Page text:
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Vital Signs


Vital Signs

Spring 2012

New Santa Monica Campus of UCLA Health System Officially Open for Business

UCLA Medical Center, Santa Monica officially opened on January 8 as 125 adult and pediatric patients were transported into new hospital buildings on the Santa Monica campus, as well as into the existing Merle Norman Pavilion.

Teams of doctors, nurses and moving specialists transported patients to ensure they were safely and efficiently relocated to the new hospital. The move followed months of extensive planning to prepare the hospital for licensing and occupancy, and to orchestrate the extremely detailed sequence of patient relocations.

Part of a systemwide rebuilding project, the new Santa Monica campus features UCLA Medical Center, Santa Monica; a branch of Mattel Children's Hospital UCLA; the Los Angeles Orthopaedic Hospital; and the UCLA Rape Treatment Center.

"This wonderful new facility not only accommodates scientific and technical excellence, but also creates an environment that is healing," says David Feinberg, M.D., M.B.A., president of UCLA Health.

"This move marks the final stage in the transformation of this hospital from a private community hospital to an academic communityhospital that delivers world-class UCLA care to every patient," says James Atkinson, M.D., who oversaw the rebuilding project and serves as medical director at the Santa Monica campus.

Dr. Atkinson added that the campus will provide the full continuum of services, from neonatal intensive care to geriatric medicine, and serve as the inpatient home of UCLA's highly regarded orthopaedic, geriatric and general medicine programs.

Several key services opened during a previous phase, including the Nethercutt Emergency Center in 2007, which now serves almost 40,000 patients annually, and The BirthPlace in 2008, with its hotel-like labor, delivery and recovery rooms and 16-bassinet neonatal intensive care unit.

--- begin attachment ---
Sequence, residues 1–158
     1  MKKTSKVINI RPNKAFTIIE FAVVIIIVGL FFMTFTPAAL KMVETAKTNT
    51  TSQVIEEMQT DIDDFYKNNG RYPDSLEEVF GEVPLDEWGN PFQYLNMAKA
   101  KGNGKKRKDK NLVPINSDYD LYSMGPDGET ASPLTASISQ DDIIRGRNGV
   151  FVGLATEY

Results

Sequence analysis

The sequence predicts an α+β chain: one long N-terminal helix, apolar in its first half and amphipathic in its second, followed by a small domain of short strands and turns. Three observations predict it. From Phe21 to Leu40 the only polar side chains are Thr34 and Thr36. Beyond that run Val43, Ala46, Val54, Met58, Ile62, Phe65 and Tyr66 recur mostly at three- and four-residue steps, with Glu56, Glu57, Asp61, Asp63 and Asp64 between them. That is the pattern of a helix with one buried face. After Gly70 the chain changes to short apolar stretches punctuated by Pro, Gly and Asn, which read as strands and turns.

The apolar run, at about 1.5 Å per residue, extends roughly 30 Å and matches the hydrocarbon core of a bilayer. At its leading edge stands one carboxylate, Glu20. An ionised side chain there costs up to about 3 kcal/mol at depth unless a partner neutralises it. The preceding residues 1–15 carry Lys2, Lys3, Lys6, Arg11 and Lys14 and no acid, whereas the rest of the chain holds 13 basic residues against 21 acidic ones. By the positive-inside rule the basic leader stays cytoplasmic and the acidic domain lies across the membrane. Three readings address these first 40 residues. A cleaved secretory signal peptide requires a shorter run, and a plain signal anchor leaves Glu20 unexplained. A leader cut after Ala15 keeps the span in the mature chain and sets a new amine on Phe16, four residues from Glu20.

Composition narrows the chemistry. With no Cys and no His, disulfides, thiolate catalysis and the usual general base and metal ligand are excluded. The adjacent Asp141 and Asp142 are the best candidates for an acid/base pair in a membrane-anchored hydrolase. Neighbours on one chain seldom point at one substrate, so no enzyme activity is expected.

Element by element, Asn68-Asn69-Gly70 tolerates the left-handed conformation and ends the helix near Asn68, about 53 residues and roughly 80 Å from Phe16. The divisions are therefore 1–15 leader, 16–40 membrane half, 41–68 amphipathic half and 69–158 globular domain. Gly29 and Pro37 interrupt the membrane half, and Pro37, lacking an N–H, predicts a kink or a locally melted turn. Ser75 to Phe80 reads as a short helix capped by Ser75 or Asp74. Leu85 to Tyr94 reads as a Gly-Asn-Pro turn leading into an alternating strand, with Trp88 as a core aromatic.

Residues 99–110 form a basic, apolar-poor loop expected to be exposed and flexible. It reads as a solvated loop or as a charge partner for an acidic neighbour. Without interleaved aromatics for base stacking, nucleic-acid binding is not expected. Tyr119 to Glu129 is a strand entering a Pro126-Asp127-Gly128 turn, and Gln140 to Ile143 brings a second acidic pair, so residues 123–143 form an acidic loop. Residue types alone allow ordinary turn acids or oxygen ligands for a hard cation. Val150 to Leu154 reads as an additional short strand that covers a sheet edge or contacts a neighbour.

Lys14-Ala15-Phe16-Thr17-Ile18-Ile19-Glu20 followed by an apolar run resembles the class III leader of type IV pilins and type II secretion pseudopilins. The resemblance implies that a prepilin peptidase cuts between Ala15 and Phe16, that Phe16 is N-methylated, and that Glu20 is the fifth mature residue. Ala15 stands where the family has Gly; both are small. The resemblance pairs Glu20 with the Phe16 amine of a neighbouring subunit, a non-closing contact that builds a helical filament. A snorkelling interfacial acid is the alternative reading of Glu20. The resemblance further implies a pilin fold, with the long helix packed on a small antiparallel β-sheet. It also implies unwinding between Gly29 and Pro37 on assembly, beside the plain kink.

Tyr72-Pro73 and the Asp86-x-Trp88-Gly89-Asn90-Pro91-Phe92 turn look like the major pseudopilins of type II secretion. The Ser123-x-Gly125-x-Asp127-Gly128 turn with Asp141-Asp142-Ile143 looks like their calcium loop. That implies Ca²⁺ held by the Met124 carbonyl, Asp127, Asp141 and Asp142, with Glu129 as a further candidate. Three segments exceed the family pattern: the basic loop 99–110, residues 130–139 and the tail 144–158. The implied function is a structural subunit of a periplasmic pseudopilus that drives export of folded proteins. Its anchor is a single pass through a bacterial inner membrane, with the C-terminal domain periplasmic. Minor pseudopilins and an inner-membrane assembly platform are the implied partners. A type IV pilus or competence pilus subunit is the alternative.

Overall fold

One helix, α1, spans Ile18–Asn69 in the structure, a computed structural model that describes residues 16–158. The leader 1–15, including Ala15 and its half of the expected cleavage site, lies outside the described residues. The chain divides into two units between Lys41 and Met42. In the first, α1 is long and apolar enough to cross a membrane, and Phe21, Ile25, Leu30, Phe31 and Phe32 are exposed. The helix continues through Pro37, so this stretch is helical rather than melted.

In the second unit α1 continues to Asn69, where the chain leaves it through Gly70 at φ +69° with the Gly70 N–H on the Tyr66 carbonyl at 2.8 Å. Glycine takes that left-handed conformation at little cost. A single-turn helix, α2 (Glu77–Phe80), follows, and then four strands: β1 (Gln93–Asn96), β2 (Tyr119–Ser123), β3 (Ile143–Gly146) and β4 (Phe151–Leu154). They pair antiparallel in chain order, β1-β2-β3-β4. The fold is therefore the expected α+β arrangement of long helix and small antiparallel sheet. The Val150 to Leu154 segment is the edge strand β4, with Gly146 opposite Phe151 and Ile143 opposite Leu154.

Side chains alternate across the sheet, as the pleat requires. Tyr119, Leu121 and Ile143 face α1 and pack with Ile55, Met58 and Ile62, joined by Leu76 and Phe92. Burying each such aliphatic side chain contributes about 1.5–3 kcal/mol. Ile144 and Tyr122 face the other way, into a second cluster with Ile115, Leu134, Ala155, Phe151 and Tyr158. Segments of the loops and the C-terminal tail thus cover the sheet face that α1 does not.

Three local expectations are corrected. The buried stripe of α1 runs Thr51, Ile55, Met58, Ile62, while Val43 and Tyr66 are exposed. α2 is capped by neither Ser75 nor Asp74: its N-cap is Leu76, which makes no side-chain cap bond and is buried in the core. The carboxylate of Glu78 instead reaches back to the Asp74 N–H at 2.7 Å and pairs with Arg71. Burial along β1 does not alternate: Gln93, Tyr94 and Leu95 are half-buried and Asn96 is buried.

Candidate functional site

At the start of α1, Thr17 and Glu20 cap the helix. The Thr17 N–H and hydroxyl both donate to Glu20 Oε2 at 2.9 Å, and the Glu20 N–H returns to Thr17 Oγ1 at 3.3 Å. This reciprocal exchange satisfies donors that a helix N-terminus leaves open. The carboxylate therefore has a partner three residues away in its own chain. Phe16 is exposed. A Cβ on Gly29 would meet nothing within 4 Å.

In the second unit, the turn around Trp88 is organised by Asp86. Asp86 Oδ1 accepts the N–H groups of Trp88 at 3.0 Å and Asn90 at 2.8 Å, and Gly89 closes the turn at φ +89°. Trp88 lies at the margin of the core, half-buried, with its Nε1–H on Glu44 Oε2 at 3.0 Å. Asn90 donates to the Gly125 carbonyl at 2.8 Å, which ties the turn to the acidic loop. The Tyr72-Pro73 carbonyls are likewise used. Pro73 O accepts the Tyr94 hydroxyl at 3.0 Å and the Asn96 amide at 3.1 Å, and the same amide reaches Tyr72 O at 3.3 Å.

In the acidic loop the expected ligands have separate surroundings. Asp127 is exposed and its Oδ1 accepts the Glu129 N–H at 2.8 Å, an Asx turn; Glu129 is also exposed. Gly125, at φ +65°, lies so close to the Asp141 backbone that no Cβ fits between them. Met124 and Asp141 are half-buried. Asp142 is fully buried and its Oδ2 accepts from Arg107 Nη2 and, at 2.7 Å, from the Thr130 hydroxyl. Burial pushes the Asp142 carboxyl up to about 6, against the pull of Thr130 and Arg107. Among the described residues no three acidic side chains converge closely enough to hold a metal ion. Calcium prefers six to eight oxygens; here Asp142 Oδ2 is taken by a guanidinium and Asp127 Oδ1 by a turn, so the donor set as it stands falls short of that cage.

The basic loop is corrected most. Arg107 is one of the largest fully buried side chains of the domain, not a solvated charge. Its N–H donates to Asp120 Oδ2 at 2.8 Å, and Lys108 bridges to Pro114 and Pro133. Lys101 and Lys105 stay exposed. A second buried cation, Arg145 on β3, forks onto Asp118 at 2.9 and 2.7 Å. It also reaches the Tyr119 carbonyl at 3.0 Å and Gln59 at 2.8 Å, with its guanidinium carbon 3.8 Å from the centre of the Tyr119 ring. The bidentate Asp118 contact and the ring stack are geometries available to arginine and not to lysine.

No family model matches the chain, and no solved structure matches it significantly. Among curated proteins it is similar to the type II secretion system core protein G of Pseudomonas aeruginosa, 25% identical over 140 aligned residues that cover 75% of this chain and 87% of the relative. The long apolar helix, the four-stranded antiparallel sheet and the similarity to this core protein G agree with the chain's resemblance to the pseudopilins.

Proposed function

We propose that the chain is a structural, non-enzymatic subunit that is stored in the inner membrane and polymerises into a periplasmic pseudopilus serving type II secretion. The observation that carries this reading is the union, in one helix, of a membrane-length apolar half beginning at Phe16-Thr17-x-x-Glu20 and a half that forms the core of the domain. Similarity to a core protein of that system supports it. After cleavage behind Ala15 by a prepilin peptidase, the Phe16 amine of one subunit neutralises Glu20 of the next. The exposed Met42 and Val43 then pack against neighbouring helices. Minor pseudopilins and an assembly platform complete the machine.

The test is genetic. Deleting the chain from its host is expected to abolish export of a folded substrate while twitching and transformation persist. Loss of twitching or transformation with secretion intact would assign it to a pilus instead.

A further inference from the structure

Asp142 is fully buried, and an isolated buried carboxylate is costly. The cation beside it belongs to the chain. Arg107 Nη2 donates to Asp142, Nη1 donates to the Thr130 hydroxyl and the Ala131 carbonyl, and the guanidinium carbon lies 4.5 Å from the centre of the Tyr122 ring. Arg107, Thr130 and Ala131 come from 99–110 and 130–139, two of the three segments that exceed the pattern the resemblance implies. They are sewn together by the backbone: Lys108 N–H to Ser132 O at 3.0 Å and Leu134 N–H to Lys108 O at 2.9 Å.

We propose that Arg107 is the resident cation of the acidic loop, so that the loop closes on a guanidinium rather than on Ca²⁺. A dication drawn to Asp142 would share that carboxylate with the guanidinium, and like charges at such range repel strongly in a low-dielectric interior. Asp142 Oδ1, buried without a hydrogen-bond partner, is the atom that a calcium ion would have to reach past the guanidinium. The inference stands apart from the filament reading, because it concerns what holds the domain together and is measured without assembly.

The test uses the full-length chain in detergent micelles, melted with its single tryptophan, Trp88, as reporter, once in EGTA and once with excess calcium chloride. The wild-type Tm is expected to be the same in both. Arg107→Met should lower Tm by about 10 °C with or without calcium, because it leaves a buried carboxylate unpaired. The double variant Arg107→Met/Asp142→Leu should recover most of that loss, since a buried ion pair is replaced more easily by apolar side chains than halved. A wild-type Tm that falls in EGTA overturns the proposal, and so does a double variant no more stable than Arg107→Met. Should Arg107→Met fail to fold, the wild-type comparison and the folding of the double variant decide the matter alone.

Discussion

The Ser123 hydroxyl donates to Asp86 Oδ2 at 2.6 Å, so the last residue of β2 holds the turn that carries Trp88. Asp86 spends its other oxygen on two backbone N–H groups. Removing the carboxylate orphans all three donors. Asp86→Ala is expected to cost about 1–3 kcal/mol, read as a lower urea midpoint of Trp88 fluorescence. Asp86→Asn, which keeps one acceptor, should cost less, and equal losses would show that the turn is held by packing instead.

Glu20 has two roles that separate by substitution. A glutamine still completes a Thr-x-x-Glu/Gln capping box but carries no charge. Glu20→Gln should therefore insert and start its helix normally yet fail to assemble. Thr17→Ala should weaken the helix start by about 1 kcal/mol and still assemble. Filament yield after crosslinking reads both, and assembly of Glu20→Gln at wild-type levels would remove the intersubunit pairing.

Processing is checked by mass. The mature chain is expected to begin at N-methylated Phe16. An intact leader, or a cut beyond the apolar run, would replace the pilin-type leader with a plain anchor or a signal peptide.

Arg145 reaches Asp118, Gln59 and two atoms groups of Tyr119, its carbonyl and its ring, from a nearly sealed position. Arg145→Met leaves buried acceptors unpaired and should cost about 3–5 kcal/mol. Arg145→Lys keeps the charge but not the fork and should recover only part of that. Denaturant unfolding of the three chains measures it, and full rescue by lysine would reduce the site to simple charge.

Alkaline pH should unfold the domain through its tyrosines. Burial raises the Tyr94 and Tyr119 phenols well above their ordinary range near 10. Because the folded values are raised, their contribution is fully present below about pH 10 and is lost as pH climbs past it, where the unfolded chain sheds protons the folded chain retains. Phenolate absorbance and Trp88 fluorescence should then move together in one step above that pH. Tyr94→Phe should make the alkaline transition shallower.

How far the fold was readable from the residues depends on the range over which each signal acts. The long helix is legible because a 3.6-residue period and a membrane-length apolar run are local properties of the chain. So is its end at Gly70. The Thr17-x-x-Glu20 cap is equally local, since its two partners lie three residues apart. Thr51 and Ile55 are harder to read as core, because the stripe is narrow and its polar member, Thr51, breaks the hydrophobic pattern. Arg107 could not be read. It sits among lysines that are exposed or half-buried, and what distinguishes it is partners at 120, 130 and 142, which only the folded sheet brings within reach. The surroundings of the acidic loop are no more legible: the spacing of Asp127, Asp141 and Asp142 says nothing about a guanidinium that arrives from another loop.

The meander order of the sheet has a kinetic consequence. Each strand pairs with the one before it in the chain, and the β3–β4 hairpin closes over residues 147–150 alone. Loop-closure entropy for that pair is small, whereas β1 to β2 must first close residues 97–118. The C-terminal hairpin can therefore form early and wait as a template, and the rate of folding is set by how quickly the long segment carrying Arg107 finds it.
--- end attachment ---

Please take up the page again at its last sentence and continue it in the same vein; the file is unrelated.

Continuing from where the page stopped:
The design of the hospital is inspired not only by the Northern Italianate architecture of original buildings on the UCLA campus, but also by hospitality concepts that speak to the character of the building, its public spaces and patient rooms. More than 25 percent of the new campus is dedicated to green and open spaces.

"The new hospital is designed to create a comfortable, even home-like setting for delivering healthcare that will benefit patients, visitors and staff," says architect Robert A.M. Stern, who designed the new buildings with CO Architects. "Additionally, we wanted to create a design that connected the Santa Monica campus with UCLA's Westwood campus to clearly establish its identity as part of the UCLA Health."

The rebuilding project was launched in response to damage caused by the 1994 Northridge earthquake. The new hospital was built to meet the latest seismic safety standards and can withstand an earthquake of up to magnitude 8.4. Redundant power sources will allow the hospital to operate for at least 100 hours after an earthquake without receiving any help from the outside world.

Now that patients have been moved into the new facilities, the hospital's existing, nine-story Tower Building will be demolished to make way for additional landscaped gardens. Final site improvements should take about one year to complete.

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